Mission Statement

The German Department’s mission is to engage a wider audience of students within the Barnard Community. Its curricular program and cultural events serve a large and diverse academic community on the Barnard and Columbia campuses. The Department is committed to creating venues for students, faculty and the public interested in the many facets of cultural life in the German-speaking countries or communities.

As an active contributor to campus life, the Department has constantly initiated new venues—from readings, lectures and film screenings to excursions—to supplement and enrich its annual course offerings. In disciplines such as Art History, Philosophy or History, a familiarity with the German language is an asset; in interdisciplinary areas such as Comparative Literature or European Studies, German often serves as the main or second language of study.

It is the goal of our department:

  • to teach the German language in a professionally reflected manner through a clear sequence of courses
  • to help attain and expand knowledge of Austrian, German and Swiss literatures through reading exemplary texts in theme- or period-oriented courses
  • to make familiar with characteristic features of Germanophone cultures by raising awareness of their geographical diversity and their historical richness in introductory survey courses
  • to give students the rhetorical and intellectual tools for moving confidently between two languages’ cultural traditions by offering exercises, sketches and other forms of active participation from elementary to advanced levels of expression
  • to create a learning environment that instills appreciation for critical thought and is conducive to acquiring a clearly defined set of skills, from language proficiency to interpretive adroitness and intercultural literacy

Students taking courses in German can expect to acquire a proficiency in the language; a broad knowledge of literary genres and traditions; a methodological know-how in reading cultural manifestations; an understanding of key moments in the history of the German-speaking parts of modern Europe; and an awareness of contemporary social issues.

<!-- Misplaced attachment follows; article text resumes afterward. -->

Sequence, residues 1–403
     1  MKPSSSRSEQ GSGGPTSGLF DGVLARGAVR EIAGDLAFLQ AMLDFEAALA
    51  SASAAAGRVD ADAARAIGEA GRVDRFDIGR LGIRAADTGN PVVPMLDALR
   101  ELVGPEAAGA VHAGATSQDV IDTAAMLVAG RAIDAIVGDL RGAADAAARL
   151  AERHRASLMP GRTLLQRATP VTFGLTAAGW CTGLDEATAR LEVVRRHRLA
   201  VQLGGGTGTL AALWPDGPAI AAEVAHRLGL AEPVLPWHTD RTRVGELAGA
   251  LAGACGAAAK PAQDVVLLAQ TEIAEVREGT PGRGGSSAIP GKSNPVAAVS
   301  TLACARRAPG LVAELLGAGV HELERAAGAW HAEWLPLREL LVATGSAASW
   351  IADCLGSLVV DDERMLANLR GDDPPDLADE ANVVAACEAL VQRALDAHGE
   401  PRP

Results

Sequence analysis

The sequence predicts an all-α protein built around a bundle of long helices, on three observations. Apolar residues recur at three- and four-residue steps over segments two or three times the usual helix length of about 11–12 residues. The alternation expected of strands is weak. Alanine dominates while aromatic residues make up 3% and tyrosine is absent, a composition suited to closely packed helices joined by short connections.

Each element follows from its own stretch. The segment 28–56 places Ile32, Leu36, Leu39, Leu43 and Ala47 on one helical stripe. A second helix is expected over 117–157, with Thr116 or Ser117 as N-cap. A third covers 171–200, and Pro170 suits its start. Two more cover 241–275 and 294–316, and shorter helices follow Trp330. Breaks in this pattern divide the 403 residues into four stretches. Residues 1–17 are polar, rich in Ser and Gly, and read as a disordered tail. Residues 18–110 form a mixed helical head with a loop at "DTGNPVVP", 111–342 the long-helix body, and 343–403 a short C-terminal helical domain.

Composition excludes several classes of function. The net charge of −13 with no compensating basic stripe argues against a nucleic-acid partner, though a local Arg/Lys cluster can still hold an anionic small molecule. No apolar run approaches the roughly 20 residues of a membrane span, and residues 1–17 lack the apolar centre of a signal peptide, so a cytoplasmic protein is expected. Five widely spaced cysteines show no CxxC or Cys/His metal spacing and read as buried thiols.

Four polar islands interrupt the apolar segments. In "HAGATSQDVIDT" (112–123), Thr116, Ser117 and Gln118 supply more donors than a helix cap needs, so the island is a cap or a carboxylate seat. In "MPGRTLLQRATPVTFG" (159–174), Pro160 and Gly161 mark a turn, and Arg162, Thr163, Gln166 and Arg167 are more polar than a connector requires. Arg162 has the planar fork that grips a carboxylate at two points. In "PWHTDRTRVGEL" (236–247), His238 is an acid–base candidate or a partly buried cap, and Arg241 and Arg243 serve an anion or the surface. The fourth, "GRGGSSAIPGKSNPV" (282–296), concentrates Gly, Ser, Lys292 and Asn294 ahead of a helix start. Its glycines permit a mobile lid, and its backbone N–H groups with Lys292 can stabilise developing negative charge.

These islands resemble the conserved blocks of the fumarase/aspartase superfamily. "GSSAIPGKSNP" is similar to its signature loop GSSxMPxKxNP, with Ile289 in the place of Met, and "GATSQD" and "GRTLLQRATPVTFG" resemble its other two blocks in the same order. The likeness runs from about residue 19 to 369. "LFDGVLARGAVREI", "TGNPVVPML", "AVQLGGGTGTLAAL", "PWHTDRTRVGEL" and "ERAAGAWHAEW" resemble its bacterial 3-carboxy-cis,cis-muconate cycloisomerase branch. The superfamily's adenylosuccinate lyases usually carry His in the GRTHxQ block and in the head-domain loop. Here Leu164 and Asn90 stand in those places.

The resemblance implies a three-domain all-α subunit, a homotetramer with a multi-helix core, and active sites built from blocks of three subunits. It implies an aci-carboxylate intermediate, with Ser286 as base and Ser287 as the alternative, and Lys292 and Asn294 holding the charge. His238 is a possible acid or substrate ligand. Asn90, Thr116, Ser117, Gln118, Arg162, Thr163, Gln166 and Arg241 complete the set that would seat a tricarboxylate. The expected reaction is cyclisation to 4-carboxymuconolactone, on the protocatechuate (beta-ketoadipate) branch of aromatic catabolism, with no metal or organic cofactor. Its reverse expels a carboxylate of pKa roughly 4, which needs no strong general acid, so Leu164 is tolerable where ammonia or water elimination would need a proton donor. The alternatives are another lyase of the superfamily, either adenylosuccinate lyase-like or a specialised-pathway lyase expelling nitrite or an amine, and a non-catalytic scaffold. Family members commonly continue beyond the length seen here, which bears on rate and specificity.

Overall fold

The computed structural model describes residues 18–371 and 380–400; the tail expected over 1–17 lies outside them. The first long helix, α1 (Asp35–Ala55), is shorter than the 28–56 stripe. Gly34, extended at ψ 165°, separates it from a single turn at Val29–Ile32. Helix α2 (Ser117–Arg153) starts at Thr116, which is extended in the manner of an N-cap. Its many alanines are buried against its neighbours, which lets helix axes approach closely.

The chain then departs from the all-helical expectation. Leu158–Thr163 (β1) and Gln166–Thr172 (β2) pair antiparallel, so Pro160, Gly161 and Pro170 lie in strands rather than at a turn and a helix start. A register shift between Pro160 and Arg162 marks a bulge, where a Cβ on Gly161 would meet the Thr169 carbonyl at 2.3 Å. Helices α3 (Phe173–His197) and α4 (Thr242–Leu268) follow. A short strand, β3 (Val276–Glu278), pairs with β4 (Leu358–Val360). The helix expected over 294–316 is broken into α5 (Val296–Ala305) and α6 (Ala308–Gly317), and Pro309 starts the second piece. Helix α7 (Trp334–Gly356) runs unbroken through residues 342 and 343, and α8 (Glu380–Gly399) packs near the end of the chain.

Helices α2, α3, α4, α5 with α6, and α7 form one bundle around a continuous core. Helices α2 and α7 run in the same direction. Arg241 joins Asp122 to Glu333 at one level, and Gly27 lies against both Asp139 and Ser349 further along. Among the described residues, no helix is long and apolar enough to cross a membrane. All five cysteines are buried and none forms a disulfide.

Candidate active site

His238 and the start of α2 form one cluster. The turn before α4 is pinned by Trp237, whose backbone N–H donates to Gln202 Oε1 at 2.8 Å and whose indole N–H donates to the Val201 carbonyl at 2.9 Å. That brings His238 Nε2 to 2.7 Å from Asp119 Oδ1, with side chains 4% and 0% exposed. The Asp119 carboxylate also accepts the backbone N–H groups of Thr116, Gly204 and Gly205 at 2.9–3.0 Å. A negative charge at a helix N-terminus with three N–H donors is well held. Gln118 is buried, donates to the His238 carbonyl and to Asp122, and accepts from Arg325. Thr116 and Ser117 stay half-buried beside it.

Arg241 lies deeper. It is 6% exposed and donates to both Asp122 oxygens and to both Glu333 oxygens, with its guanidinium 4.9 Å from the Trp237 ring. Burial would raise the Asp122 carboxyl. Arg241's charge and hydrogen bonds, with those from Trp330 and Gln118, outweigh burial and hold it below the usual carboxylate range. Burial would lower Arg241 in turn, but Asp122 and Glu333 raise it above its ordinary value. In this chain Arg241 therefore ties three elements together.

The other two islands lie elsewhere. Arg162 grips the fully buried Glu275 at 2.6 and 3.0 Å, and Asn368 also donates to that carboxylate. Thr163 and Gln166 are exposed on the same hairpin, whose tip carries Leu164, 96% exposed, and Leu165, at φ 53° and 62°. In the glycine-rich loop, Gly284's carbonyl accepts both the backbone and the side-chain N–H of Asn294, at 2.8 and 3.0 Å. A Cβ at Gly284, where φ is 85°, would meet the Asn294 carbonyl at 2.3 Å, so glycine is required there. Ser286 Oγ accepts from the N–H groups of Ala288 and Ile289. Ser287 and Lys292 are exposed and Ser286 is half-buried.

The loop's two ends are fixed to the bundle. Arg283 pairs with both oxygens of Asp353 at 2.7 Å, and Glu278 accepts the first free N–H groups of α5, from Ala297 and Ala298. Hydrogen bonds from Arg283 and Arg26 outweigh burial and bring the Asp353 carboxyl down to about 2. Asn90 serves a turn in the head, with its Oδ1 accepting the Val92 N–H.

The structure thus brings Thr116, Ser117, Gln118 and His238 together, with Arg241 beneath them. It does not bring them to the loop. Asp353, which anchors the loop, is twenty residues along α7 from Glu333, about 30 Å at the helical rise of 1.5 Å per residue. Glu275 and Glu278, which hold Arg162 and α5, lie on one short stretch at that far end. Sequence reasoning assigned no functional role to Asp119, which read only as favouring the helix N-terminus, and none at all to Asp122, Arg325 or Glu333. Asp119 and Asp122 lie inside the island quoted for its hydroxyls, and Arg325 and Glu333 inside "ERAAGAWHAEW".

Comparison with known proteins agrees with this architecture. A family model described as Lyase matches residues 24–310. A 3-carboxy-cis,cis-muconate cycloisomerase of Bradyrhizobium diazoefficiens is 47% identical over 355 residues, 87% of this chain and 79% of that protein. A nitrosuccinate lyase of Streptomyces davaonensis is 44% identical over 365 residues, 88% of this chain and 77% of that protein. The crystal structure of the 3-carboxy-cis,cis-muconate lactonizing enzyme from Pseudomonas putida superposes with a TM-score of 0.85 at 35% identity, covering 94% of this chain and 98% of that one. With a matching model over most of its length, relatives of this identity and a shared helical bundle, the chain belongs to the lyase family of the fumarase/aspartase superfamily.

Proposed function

A glimpse of one of our language courses

While students of German become familiar with themes, theoretical frameworks and traditions typical of the discipline, they also develop and refine skills with application well beyond the field of German Literature and Culture, including:

  • the ability to analyze, interpret and critically discuss texts and related media
  • a competence in carrying out both guided and independent research in the humanities
  • an aptitude to articulate critical insights in a cogent and convincing manner
  • the capacity to adopt intercultural awareness and transnational perspective through translational practices and comprehension of different cultural expectations

Structure of the Program

In close cooperation with the Columbia Department of Germanic Languages, the Barnard program provides sequenced undergraduate courses in German language, literature, and culture, catering to a variety of student needs and interests.